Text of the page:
After Sutro's death in 1898, his properties were managed by his daughter Emma Sutro Merritt. A year after the destruction of the second Cliff House, Mrs. Merritt obtained approval to construct a third Cliff House. Because so many of the city's wood-frame buildings burned after the 1906 earthquake, builders began to construct San Francisco's new buildings in fireproof steel-reinforced concrete. The third Cliff House, constructed in concrete, was designed in a streamline, classically inspired architectural style; the building settled into the landscape rather than dominating the ocean view. Open to the public in 1909, the Cliff House carried on the tradition of sumptuous dining rooms and elegant entertainment.
World War I and the Great Depression took their toll on the Lands End area and the Sutro family sold the Cliff House in 1937 to other operators. During the 1940s and 1950s, the owners modified the Cliff House several times. In 1977, the National Park Service acquired the property to become part of the Golden Gate National Recreation Area. The National Park Service rehabilitated the historic Cliff House in 2005 to return it to its original neoclassical design. Architects added an adjacent Sutro Wing to improve access to ocean views, allowing diners and visitors alike to continue the long tradition of enjoying the magnificent Pacific from the Cliff House high above Seal Rocks.
The third Cliff House, circa 1920
photo courtesy of John Martini
Vestiges of the Cliff House
This digital guidebook highlights important stories, landscapes, events, artifacts and geology of the Cliff House.
Additional Sites of Interest
• Victorian Cliff House Project
This website offers a closer look at one of the three incarnations of San Francisco's Cliff House, the Victorian Cliff House. The site includes a brief history, photographic images, blueprints, a 3D model, print ephemera and documents, and a discussion forum.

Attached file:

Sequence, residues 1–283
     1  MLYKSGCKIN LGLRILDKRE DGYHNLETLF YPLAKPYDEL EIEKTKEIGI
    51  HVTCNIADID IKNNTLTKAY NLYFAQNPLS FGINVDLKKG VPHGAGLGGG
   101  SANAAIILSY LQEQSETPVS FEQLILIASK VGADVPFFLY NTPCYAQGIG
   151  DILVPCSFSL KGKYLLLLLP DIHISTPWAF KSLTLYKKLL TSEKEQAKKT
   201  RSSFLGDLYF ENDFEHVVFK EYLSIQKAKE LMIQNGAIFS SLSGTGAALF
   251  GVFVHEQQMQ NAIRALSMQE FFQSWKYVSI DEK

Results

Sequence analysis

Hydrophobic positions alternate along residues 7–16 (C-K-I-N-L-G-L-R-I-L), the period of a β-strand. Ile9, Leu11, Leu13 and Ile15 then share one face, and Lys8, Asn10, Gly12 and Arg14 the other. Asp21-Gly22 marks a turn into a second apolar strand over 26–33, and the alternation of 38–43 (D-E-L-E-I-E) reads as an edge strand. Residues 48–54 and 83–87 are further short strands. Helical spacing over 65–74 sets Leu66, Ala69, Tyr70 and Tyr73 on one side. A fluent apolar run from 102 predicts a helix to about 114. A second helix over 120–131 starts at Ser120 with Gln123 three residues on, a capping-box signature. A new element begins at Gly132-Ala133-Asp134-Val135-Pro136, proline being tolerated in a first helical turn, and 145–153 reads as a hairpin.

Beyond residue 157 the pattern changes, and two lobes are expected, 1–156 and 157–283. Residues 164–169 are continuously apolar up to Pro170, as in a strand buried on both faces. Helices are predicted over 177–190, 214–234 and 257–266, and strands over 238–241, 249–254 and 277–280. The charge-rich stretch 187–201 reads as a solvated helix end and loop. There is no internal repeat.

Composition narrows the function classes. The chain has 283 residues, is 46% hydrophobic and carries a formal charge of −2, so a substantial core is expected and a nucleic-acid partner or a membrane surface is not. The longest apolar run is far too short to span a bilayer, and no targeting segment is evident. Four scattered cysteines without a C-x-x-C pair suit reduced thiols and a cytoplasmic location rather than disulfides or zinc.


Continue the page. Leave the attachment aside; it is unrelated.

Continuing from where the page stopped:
• San Francisco's Cliff House Restaurant-San Francisco Memories
This website supplies historical information and accounts of San Francisco's Cliff House, and images of the building, including some in 3D.
• San Francisco Public Library
Historical images of the Cliff House and Sutro Baths in San Francisco can be found.
• California Heritage Collection, The Bancroft Library University of California, Berkeley
This is an online archive of images and texts illustrating California's history and culture, including the Cliff House and Sutro Baths in San Francisco.
• American Memory, Library of Congress
A website of primary source materials relating to the history and culture of the United States, including print, photographs, and films of San Francisco's Cliff House and Sutro Baths can be found at this site.
• California Historical Society
An online guide to images and articles about California history, including the Cliff House and Sutro Baths is available here.
• Western Neighborhoods Project
This website features images and articles provided by current and past residents and visitors about San Francisco's western neighborhoods, including information about the Cliff House, Sutro Baths, Sutro Heights, and Adolph Sutro.